ED: How did you work to convince viewers that you really were an evil, middle-aged, male serial killer?

KN: I had no idea that I’d be able to play a serial killer. I did not think I would be scary at all … I really just tried to keep it grounded. The more real you can make it in those situations — even the ones that are funny, they were funny because they were real and they’re honest. I think when you’re playing the honesty of a situation, that’s when you get the biggest laugh or the biggest scare, because they’re truthful.

We’d [also] improvise on set, so there was always a little bit of magic. Because you can’t plan all of that. Sometimes you don’t know it’s going to work ’til you get there on the day and you’re in the moment and you’ve got a chainsaw in your hands. It’s kind of funny when you are trying to be a serial killer and you don’t even know how to turn a chainsaw on. I had to learn quickly.

ED: Considering this is a horror and a comedy, were there any moments on set when a scene was supposed to be scary, but you and your costars had a hard time not laughing?

KN: I feel like everything we did was funny. I mean, me getting stabbed by Vince was the funniest day ever … I think it’s always the best, when you’re breaking character. It’s my favorite thing, to break. I know you’re not supposed to, but I like to have fun.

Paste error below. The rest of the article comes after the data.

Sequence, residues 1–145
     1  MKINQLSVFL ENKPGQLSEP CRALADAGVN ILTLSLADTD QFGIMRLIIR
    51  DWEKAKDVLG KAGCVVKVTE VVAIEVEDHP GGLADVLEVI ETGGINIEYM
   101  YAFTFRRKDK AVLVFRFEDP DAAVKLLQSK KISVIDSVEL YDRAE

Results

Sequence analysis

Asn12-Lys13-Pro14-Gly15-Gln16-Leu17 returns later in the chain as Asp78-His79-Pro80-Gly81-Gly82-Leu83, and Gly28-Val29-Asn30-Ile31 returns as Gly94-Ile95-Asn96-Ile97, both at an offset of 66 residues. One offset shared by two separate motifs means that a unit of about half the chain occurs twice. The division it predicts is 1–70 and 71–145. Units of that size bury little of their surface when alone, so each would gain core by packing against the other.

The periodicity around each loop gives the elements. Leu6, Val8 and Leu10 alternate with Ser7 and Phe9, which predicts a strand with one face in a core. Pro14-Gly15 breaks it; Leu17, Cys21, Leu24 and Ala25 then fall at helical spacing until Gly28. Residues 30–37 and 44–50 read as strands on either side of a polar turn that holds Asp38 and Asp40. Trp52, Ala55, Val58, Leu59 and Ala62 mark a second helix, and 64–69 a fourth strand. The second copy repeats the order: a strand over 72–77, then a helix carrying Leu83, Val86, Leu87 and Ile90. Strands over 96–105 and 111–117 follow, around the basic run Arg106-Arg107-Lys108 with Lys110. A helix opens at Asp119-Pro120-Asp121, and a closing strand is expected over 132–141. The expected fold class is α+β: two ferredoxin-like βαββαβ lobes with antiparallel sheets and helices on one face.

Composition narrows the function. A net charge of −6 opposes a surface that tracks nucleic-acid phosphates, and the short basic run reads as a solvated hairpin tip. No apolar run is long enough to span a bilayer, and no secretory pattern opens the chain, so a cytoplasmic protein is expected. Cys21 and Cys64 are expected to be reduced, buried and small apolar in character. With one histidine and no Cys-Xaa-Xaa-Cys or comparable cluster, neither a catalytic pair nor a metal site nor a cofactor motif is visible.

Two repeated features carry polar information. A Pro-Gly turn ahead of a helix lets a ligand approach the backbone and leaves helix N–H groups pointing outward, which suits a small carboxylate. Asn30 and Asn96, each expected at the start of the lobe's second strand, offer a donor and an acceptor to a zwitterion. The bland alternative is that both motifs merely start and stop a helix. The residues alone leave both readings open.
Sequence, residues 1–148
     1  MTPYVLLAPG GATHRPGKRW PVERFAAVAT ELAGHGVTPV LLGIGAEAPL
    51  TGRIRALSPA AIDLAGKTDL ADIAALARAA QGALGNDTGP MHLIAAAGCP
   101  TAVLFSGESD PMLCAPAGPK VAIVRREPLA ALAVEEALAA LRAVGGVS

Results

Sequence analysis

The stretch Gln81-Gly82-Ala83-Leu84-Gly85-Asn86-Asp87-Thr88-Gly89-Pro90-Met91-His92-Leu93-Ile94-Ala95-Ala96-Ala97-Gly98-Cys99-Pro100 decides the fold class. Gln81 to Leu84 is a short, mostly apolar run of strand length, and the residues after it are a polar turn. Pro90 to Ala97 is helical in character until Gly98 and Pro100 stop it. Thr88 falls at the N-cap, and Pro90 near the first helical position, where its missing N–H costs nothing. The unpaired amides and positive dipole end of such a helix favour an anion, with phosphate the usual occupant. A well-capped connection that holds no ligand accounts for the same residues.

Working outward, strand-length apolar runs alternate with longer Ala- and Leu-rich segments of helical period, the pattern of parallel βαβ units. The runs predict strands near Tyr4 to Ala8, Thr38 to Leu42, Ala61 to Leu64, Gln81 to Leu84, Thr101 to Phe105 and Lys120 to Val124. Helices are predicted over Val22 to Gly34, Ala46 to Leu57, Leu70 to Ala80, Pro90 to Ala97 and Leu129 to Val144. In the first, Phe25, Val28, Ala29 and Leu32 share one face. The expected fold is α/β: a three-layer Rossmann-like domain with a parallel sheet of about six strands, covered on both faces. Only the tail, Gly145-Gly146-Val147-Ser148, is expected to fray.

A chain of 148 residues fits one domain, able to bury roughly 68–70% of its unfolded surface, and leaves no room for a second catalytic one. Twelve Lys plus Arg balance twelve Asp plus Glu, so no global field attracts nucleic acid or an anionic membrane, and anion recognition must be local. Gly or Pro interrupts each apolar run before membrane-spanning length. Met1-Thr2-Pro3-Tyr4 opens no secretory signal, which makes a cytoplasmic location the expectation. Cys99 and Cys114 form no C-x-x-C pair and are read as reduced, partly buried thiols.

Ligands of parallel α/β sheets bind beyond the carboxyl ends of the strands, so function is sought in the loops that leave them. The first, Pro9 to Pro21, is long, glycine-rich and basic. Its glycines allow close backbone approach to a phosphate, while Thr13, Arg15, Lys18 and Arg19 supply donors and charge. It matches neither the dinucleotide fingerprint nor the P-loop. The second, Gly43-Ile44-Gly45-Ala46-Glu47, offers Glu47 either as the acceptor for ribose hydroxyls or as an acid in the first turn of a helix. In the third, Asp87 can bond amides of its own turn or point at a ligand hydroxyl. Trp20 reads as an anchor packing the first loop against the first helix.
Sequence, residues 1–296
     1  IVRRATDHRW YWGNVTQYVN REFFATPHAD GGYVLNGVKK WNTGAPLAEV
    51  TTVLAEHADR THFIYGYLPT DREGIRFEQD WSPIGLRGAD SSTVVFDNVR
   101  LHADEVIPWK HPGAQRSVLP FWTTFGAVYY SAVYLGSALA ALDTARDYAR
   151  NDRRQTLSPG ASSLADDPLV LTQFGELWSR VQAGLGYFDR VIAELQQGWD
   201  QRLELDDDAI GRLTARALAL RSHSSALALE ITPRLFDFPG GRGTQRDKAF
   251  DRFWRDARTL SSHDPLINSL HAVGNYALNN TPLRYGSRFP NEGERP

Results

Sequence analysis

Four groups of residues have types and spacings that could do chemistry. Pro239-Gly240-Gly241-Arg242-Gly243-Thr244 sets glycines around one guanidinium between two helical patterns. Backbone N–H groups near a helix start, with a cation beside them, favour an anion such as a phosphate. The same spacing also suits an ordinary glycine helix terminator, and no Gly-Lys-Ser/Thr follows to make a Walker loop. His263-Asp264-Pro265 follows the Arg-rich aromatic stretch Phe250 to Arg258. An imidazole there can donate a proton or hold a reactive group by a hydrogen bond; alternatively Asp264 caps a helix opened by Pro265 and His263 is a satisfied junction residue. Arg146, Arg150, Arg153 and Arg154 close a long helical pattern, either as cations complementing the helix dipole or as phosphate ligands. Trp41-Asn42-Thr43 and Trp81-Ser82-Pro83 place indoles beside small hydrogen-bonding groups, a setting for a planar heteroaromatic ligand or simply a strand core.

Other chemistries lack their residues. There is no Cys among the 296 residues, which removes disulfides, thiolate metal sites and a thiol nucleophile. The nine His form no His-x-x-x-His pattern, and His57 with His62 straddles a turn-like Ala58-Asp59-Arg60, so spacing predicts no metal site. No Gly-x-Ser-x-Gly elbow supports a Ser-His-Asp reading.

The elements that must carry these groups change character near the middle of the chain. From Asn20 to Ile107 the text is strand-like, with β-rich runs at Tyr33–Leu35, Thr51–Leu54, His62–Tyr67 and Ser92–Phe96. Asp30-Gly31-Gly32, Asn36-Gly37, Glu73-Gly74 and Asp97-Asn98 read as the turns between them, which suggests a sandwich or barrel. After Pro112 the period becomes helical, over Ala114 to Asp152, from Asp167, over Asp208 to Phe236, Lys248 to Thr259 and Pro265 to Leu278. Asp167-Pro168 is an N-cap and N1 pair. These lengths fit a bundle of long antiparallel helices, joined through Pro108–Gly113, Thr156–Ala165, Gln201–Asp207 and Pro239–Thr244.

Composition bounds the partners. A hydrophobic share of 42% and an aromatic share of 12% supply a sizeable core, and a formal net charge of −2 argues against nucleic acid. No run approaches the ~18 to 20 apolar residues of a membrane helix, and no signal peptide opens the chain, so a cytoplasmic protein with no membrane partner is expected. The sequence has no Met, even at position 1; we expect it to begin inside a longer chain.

ED: How does Freaky flip the "scream queen" horror trope on its head?

KN: I feel like Freaky breaks so many tropes. This movie puts those tropes in your face and then just cuts them in half, and I love that. I was called a scream queen when I did Paranormal Activity and I thought that was the most cool thing ever, because I guess the word “queen” just got me all excited. But at the same time, everyone’s like, "No, you don’t want to be a scream queen because she always dies." And I don’t know if that’s true.

ED: Millie is a scream queen and a final girl!

KN: I think that’s iconic. I love how the movie does pull in those tropes, because it’s what I love about horror films. It’s all like an homage to Friday the 13th and Halloween, so if you’re a horror fan, you’re going to be satisfied. And if you’re new to the horror genre, I feel like this is a nice, easy way to get into it because you’re also going to laugh a lot. I laughed so much in this movie. I mean, my friends were screaming and I thought that was a win. I showed it to my mom and she was laughing, so I thought that was a win. So clearly anyone could watch this movie.

ED: Do you want to do more horror or horror-comedy projects after Freaky?

KN: I mean, I would’ve never dreamt of Freaky. In my wildest dreams, I would have never come up with this kind of movie, so I’m always going to keep my options open and keep dreaming big. I think that it would be awesome to be a final girl again — or a scream queen. It’s an honor, you know?

Freaky hits theaters Friday, Nov. 13.